Barber managed to state clearly what I often struggle to properly express: that newspapers still matter. While clearly a medium in decline, its collective reputation, access and quality of reporting is still unmatched. Noone can consistently break the news like print media, and I include the websites of these publications in that category (the convergence of print/online staff, resources and editorial coverage has accelerated in recent years). You can find better analysis and insight in the blogosphere (like at, say...IPE Journal). But until the official press corps' in world capitals incorporate more non-traditional sources (perhaps President Obama calling on Sam Stein of The Huffington Post at his first press conference was a breakthrough), newspapers will continue to craft the "first-draft" history.
And I may be too nostalgic, but there is still something so familiar, romantic even, about holding my Financial Times in the morning. It appeals to your senses in a way digital media cannot. I come from a family of newspaper and radio men and women, and I still cling to these media, while embracing the progress of the digital age. I hope this delicate balance is sustainable, but I fear it is not.
On Tuesday, the Unemployment Olympics were held in New York City. The "games" were organized by Nick Goddard, a 26 year-old unemployed computer programmer, and featured events like the "Fax Machine toss" and "Office Phone skee-ball."
While the organizer hopes this will be the first, and last, Unemployment Olympics, I have started training in earnest for 2010...just in case.
Attacking the "tax incentives for new cars" schemes being adopted in many countries, and more specifically the marketing-as-environmentalism justification for the schemes, he says,
"This artificial shortening of the economic life of a car seems nuts. It’s worse than getting paid to dig holes and fill them again. It’s like being paid to burn down your house to encourage the residential construction industry. In Iceland, where economic calamity has befallen a population that was until the autumn of 2008 among the richest in the world, people torch their SUVs for the insurance money. Iceland doesn’t produce any cars, let alone SUVs, so this does not do their GDP any good, but think of the global externalities! Perhaps the G20 could propose the world-wide legalisation and subsidisation of the willful destruction of consumer durables, residential property and infrastructure (schools, hospitals, prisons etc.) as a global stabilisation policy measure."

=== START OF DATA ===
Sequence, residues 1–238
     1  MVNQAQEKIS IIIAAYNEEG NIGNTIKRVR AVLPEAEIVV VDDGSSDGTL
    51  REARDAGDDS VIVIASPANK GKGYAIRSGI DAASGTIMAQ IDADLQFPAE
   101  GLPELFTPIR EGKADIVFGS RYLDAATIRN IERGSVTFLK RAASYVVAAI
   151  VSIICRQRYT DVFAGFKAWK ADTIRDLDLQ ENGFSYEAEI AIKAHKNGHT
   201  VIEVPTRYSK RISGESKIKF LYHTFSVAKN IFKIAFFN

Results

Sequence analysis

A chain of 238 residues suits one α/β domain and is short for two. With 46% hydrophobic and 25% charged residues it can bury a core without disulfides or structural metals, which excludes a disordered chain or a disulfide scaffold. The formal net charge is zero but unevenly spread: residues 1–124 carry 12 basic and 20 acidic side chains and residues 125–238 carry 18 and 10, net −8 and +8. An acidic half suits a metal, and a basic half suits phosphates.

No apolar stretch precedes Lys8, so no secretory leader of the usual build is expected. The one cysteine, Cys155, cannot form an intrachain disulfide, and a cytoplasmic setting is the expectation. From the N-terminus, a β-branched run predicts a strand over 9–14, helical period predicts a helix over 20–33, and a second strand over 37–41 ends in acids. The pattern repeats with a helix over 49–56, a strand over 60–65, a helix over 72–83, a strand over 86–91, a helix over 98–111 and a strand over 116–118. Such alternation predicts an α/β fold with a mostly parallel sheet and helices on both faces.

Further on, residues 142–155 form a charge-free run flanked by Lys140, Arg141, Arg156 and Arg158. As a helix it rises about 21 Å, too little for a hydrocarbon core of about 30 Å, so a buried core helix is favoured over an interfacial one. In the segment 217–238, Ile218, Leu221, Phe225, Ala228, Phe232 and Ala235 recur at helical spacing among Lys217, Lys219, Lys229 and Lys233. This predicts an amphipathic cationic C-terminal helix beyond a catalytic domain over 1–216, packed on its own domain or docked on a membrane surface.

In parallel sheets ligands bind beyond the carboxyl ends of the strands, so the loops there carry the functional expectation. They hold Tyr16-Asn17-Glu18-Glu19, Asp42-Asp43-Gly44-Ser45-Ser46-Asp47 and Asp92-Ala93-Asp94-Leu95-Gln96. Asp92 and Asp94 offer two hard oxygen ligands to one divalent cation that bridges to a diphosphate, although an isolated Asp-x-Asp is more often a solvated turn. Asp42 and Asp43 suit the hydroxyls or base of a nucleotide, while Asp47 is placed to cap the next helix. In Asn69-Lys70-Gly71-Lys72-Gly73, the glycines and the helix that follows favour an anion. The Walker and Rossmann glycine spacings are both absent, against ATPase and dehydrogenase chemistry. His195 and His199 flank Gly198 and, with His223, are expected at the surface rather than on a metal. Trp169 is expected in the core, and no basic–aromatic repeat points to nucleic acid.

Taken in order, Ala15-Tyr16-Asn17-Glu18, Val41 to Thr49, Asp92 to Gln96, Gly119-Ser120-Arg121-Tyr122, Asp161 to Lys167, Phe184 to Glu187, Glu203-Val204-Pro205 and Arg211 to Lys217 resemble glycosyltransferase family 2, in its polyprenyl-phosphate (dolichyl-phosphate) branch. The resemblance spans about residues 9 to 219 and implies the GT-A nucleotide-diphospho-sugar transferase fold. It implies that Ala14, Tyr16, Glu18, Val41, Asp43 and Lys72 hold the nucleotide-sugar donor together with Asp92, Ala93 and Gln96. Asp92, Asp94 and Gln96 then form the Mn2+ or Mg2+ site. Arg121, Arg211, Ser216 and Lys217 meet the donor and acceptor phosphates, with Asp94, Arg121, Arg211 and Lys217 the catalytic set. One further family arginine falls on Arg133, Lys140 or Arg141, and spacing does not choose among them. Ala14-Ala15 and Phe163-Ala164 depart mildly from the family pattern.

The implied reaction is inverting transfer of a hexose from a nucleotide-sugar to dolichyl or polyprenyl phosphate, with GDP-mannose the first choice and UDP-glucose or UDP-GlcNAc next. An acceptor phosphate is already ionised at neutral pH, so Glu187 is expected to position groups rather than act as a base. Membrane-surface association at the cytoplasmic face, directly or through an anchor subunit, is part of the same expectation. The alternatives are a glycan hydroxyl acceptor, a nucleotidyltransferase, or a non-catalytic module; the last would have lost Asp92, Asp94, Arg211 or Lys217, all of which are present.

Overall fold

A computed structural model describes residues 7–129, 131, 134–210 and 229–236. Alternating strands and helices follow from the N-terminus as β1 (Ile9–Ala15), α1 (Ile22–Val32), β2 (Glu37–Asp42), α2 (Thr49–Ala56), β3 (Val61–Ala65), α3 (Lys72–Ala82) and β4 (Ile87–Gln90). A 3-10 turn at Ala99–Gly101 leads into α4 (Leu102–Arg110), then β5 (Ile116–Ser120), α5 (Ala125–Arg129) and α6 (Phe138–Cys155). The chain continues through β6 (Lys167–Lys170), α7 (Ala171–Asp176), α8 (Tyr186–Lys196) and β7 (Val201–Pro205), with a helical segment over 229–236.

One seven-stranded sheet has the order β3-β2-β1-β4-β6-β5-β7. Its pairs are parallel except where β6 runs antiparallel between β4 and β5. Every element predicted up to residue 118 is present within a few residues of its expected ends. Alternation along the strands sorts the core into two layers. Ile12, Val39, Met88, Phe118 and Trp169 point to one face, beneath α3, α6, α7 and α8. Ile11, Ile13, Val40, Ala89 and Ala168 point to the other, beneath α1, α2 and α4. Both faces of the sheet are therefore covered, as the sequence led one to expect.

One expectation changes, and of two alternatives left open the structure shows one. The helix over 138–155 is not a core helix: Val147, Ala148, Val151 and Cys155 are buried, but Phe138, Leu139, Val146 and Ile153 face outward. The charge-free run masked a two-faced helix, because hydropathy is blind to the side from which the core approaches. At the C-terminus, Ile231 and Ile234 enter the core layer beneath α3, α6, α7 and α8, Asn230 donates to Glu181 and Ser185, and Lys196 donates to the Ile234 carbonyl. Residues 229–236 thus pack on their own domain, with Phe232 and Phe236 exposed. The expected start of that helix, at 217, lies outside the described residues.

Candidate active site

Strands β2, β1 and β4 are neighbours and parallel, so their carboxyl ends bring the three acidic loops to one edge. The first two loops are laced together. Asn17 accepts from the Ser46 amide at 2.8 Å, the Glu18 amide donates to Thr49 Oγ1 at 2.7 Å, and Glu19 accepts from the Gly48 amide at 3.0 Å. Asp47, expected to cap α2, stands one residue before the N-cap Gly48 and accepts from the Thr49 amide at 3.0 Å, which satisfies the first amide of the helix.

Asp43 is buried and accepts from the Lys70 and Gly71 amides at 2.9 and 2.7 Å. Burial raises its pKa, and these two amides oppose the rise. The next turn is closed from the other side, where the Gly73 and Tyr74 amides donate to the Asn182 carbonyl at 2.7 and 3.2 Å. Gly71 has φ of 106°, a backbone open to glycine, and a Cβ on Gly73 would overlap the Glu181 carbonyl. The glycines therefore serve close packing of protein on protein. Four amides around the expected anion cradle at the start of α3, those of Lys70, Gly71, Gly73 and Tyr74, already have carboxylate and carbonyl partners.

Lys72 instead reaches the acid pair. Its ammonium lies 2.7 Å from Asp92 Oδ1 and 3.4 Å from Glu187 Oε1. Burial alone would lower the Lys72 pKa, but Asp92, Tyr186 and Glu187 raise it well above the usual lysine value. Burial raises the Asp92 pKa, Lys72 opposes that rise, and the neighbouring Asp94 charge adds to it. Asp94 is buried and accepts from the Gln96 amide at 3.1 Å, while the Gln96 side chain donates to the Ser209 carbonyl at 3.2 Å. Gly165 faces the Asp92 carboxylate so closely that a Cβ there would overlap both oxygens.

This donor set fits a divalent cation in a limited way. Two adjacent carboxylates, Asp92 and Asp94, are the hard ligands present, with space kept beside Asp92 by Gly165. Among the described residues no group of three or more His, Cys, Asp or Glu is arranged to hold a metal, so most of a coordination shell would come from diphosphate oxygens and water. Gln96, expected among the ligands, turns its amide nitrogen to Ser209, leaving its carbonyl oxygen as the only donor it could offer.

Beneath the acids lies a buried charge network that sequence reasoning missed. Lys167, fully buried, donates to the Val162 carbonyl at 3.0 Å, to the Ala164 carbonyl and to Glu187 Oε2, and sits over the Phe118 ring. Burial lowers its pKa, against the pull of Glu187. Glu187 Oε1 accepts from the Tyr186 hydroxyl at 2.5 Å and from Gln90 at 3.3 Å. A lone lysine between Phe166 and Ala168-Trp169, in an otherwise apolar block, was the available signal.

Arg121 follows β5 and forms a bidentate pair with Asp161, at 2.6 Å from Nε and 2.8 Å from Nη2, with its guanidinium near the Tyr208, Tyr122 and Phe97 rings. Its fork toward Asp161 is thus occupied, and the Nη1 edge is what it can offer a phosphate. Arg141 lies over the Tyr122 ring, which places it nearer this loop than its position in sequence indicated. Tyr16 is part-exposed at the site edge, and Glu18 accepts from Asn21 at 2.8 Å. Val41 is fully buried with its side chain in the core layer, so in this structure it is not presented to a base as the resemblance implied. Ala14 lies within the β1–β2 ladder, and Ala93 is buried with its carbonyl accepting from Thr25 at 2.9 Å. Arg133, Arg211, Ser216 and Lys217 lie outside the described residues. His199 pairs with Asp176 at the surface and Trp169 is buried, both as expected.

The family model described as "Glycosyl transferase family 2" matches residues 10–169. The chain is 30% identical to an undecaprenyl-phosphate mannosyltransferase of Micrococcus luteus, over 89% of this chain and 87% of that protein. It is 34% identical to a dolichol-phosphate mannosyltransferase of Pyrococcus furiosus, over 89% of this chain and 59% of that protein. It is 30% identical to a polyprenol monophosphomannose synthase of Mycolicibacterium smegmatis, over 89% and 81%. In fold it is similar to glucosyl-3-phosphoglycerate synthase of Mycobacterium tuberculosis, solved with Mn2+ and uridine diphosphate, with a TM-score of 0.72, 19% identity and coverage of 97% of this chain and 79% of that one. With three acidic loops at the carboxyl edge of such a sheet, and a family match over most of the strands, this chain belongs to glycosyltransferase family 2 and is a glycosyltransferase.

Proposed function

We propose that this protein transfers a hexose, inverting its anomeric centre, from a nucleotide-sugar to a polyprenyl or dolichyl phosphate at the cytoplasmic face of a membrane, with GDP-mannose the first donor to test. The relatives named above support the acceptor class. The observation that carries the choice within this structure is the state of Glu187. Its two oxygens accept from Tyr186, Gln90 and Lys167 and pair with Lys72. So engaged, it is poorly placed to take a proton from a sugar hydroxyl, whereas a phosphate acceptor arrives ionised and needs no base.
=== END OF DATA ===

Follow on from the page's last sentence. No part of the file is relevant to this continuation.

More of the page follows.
-It is fascinating to watch the public relations machines in overdrive ahead of the meeting: downplay the differences (US, UK), demand your red lines are met 'or else' (France, Germany), the other side just doesn't get it (Japan), mumble about the dollar to avoid taking a vocal stance on the most controversial issues (Russia, China), sit back and avoid the collateral damage (everyone else). Summits are always about image/message management, and unfortunately only rarely about radical or decisive action. As a colleague noted to me this week, 90% of a multilateral summit is completed before the principals even sit down at the table (sherpas do the heavy lifting in advance of the meeting itself). Each leader knows this, and thus positions him/herself accordingly ahead of the final communique, speaking directly to their domestic audience. The fact that such deep divisions are so publicly aired ahead of this particular summit suggests that there will be few major breakthroughs in London. Regardless of the post-summit rhetoric, increasing the regulation of hedge funds, while important, isn't going to solve any of our most immediate problems. Increasing IMF funding would occur with or without this meeting.
-The City of London was fighting back!! ahead of the protests, although I wonder how many are actually hanging around Bank and Moorgate after work this evening.
-Dan Drezner's April Fool's Day joke would be a lot funnier if it wasn't so, sadly, improbable.
-For two leaders with a chilly relationship, Merkel and Sarko have forged quite the formidable alliance at this summit. This front was built on tax havens in Europe and seems to be carrying through quite strongly to global financial regulation.
-Sarkozy, in fact, claimed today that China was the main obstacle to a deal on global regulation, blocking a provision on...wait for it...tax havens (which, by relation, is an issue directly connected to hedge fund regulation). Who would have guessed that tiny alpine kingdoms, English Channel rock formations and tropical islands would collectively sink a summit? And does it not seem a little too convenient for China to be cast as the problem when such deep divisions exist between the US/UK and France/Germany?
The Ascent of Stan, or: why you will end up as lame as your parents.
An interesting parallel between the impact of oxygen and intelligence on our planet.
And as someone who regularly has objects flung in his direction as the result of a groan-worthy pun, I particularly enjoyed this artice.